White Sox morning roundup

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White Sox morning roundup

From yesterday:

Dayan Viciedo has struggled through most of the month of June, but in one at-bat against David Robertson, he made up for whatever offensive deficiencies he had in the last few weeks. Viciedo's three-run homer brought the White Sox from down 3-1 to up 4-3 in the top of the ninth, and the Sox wound up winning by that score.

Prior to the game, CSN White Sox Insider Dan Hayes joined David Kaplan to talk Kevin Youkilis and the Yankees on the BMO-Harris Look Ahead:

So that's a pretty good way to start off the four-game series with New York. Alex Rios had another good game, picking up two hits, the latter of which started the three-run ninth inning rally. On the season, Rios is now hitting .305.342.496, which he believes is the product of simplifying his approach at the plate.

For the record, I have Rios as the most surprising player on the White Sox this season -- and he has the majority of votes in our poll, too. Although Jose Quintana would be a fine choice, and plenty are going with Chris Sale. If you haven't weighed in, drop us a line in the comments of that post.

The White Sox purchased the contract of lefty Leyson Septimo from Triple-A Charlotte to replace the recently-DFA'd Will Ohman. Septimo, 26, is a converted outfielder who has gaudy strikeout numbers but some control problems -- although that culminated in a 1.48 ERA with Triple-A Charlotte before his call-up.

Kevin Youkilis expected boos from Yankees fans, which he certainly received when he stepped up to the plate Thursday. These fans probably weren't saying Youuuuuuk, though.

Maybe Dan Patrick should start predicting more things for the White Sox:

Around the division: Cleveland stopped its losing streak at five with a 7-2 win over Baltimore, while Detroit also kept pace with a 5-2 win over the reeling Rays. Kansas City and Minnesota were idle, and in other news Travis Hafner should return to Cleveland's lineup Monday, while the chances of Victor Martinez returning this season remain slim.

White Sox agree to one-year deals with Brett Lawrie, Avisail Garcia

White Sox agree to one-year deals with Brett Lawrie, Avisail Garcia

Brett Lawrie and Avisail Garcia will both return to the White Sox in 2017.

The team announced it reached deals with both players shortly before Friday’s 7 p.m. CST nontender deadline. Lawrie will earn $3.5 million next season and Garcia received a one-year deal for $3 million.

The club didn’t tender a contract to right-handed pitcher Blake Smith, which leaves its 40-man roster at 38.

Acquired last December for a pair of minor leaguers, Lawrie hit .248/.310/.413 with 12 home runs, 22 doubles and 36 RBIs in 94 games before he suffered a season-ending injury.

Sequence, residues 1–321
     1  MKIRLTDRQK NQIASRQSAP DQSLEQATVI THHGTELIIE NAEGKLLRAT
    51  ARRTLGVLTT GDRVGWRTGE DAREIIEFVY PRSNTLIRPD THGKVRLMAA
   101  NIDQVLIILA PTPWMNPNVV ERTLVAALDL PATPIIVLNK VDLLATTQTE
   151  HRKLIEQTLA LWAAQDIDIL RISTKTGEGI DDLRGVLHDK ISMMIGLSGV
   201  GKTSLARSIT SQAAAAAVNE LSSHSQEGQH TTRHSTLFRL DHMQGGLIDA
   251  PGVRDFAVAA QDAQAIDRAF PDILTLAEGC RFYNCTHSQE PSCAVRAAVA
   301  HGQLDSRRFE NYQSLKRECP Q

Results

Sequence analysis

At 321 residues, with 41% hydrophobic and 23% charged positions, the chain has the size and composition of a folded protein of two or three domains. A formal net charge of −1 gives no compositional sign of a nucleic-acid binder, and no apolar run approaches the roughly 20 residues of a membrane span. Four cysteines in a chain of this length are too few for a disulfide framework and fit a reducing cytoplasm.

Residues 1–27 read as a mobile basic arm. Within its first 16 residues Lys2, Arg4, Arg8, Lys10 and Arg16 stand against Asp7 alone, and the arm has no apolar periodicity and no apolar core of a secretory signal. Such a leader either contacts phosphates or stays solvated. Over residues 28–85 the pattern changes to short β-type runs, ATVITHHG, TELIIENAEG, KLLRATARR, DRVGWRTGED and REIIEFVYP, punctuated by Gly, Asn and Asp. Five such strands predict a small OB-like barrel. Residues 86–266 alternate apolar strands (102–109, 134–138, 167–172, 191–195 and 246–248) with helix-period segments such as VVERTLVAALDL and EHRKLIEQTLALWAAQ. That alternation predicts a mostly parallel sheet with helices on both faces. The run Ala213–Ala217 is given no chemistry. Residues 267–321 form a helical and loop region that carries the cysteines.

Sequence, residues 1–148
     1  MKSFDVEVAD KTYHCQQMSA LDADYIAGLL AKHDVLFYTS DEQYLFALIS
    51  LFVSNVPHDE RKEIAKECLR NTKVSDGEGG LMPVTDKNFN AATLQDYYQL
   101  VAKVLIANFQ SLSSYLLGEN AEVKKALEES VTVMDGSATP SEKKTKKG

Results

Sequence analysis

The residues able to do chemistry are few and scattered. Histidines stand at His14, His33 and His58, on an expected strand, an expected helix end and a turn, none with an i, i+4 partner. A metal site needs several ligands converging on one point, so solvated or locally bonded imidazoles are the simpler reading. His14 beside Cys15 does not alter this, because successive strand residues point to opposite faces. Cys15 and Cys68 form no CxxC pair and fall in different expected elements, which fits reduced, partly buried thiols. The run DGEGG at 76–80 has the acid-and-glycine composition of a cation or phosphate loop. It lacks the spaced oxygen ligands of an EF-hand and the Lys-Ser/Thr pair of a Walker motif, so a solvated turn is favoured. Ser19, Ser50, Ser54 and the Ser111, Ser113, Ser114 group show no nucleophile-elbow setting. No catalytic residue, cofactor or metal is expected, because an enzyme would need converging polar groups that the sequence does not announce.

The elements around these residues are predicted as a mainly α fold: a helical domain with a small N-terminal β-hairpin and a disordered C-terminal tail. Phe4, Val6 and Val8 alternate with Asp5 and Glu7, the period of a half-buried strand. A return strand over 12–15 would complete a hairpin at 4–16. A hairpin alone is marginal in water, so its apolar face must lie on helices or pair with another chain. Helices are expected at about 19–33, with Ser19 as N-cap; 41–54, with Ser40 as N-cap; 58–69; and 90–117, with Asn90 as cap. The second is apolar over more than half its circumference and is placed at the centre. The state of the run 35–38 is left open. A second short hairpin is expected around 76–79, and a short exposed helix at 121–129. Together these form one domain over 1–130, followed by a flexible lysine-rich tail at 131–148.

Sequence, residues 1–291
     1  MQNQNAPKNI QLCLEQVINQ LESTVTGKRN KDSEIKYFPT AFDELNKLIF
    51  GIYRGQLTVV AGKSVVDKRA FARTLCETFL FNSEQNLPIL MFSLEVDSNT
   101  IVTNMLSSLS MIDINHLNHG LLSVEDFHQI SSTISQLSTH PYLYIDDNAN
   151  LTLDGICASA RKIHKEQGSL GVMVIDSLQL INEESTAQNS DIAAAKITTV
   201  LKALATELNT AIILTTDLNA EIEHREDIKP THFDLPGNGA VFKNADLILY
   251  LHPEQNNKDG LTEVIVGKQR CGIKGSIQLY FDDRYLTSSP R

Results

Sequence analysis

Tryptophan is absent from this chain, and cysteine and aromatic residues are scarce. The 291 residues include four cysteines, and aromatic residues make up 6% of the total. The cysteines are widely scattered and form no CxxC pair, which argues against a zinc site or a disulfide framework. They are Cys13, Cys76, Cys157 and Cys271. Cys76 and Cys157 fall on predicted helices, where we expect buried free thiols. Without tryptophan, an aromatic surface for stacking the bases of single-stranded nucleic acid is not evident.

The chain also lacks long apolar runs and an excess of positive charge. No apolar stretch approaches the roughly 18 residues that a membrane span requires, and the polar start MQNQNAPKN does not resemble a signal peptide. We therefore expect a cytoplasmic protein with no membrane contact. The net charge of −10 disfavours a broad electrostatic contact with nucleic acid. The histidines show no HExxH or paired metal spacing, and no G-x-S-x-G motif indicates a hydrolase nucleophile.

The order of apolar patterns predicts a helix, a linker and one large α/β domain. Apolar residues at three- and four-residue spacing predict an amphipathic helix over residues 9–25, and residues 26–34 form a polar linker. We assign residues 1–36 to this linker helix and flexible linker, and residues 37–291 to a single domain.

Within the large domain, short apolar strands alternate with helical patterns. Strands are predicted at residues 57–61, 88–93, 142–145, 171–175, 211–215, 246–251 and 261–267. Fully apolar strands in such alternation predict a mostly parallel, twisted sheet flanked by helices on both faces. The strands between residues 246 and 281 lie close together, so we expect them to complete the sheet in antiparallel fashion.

Lawrie produced 0.9 f-WAR when he suffered what then-manager Robin Ventura described a “tricky” injury on July 21. Despite numerous tests and a lengthy rehab, Lawrie never returned to the field and was frustrated by the experience. Last month, Lawrie tweeted that he believes the cause of his injury was wearing orthotics for the first time in his career.

He was projected to earn $5.1 million, according to MLBTraderumors.com and earned $4.125 million in 2016.

Garcia hit .245/.307/.385 with 12 homers and 51 RBIs in 453 plate appearances over 120 games. The projected salary for Garcia, arb-eligible for the first time, was $3.4 million.

The team also offered contracts to Miguel Gonzalez and Todd Frazier, who are eligible for free agency in 2018, first baseman Jose Abreu and relievers Dan Jennings, Zach Putnam and Jake Petricka, among others.

The White Sox have until mid-January to reach an agreement with their arbitration-eligible players. If they haven’t, both sides submit figures for arbitration cases, which are then heard throughout February.

White Sox announcer Jason Benetti cracks Crain's 40 under 40

White Sox announcer Jason Benetti cracks Crain's 40 under 40

Crain's Chicago Business released its latest 40 under 40 project and White Sox announcer Jason Benetti made this year's list.

The 33-year-old just finished his first season with the White Sox as play-by-play announcer, working the home games at U.S. Cellular Field (before it was renamed Guaranteed Rate Field last month) alongside Steve Stone as longtime broadcaster Hawk Harrelson saw his workload reduced to mostly road games.

Benetti quickly became a fan favorite among Chicagoans on CSN and other networks in 2016 and his cerebral palsy became more of a backstory, with his work alongside Stone and his affable sense of humor taking center stage instead.

Among other topics, Benetti discussed how he approaches his job of broadcasting for the team he grew up rooting for:

Law school taught me that there are always two sides of the argument. I see it from the Sox prism, but I can’t believe in my heart of hearts that, if the Sox lose, the world’s over anymore. That first game, I was like, “All right, it’s just a game.” And then Avi Garcia hits a homer late in the game against the Indians and I call it like I would call it with a little more. And as the ball cleared the fence, when it was rolling around, I got a slight tear in my eye. And I was like, “What’s that?”

Check out the entire interview with Benetti and the full list at ChicagoBusiness.com.